Page 14

NEWS DESK Gardening years MORNINGTON Garden Club members will celebrate its Diamond (60th) anniversary on Monday 9 July. An afternoon tea will be held for the 100 members at the Uniting Church Hall, Mornington. Guest speaker will be Jane Edmonson of TV's Gardening Australia.

Raffle winners FIRST prize of a $1500 coffee machine in a raffle held by Balnarring Bowls and Social Club went to Stephen Taylor. Second prize of a $95 dry wall sander went to Celia Sexton while Lorraine Vidler came third for a $50 shop voucher.

Red Cross meet THE Sorrento/Portsea/Rye Red Cross Unit will hold its monthly meeting at 1.30pm Thursday 9 May at Sorrento Community Centre, Morce Avenue, Sorrento. New members welcome. Details: Coralyn Wickham 5988 0880.

History talk MORNINGTON Family History Society’s seminar 1.30-4pm Saturday 2 June at Frankston South Recreation Centre, Towerhill Road, Frankston, will feature Carol Rosenhain speaking about James Lean, “The man who carried the nation’s grief”. Members $6, non-members $15 includes afternoon tea. The research library is open 11.30am-12.30pm, call 9783 7058.

Noah has no place for factory farming Stephen Taylor steve@mpnews.com.au A KUNYUNG Primary School pupil is speaking out about what he sees as the evils of factory farming of domestic animals and he wants others to back him in his stand. Grade 5 pupil Noah Kyriacou, 10, said his vegetarian mum, Lucy, had encouraged him in his advocacy over the past four years, and that seeing a preview of the “horrific” animal rights’ documentary Dominion, set him “on the path against factory farming”. “Every second, millions of animals are dying because of humans, and yet eating their flesh is making us unhealthy,” he said. “I have been researching [the topic] in many places: speaking to lots of people, watching the internet, and asking local GPs who all say that we should end factory-farmed meat.” Noah talks to school mates about related health issues and has given a power-point presentation in class to illustrate the side effects, which he said encouraged at least one pupil to reconsider changing his diet. “Consuming large amounts of meat is linked to diabetes, heart disease, obesity and other lifestyle diseases,” he said. Noah said factory farming “enables us to eat way more meat than is good for us”. “The meat is often from sick and unhealthy animals that eat grain, rather than the grass they are designed to eat. A primarily plant-based diet is healthiest for us and is the diet that could help save the planet.” Noah said the meat industry was “one of the most polluting”.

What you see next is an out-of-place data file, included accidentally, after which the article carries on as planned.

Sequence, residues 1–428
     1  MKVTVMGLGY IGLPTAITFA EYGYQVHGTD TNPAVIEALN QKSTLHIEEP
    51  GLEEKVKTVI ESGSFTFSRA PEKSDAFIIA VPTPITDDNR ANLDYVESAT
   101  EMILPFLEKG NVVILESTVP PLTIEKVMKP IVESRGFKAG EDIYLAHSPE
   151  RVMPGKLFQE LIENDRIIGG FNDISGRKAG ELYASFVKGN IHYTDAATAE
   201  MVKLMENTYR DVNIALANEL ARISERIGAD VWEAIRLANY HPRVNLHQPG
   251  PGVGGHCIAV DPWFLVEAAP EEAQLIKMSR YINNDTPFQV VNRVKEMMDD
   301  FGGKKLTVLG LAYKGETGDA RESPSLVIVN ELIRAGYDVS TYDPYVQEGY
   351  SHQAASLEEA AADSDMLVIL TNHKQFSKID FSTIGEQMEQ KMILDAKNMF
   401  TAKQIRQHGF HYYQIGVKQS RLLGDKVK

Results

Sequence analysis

Chicken lovers: Noah and Maddy Kyriacou at home in Mt Eliza with their free-ranging chicken “Browny”. Picture: Yanni

“The world is waking up and people are changing,” he said. The Mornington Peninsula had an opportunity to be part of the positive movement that’s happening by promoting a transition away from factory farming, he said. “Nearly half the Amazon rain forest is being logged because of factory farming needing more grain to feed the cattle. If we switched to a free-range diet all the animals [there] would go back to living in peace and

harmony and the rain forest would grow back.” Proof of Noah’s commitment to the cause is that he has “never, ever had a Big Mac or KFC – and that’s made me far healthier”. His teachers think he is doing a “really good job”. “And they say I use persuasive language, too,” Noah said. That skill may come in handy convincing his father Adam to join the others in the family and become a vegetarian. “He’s working his way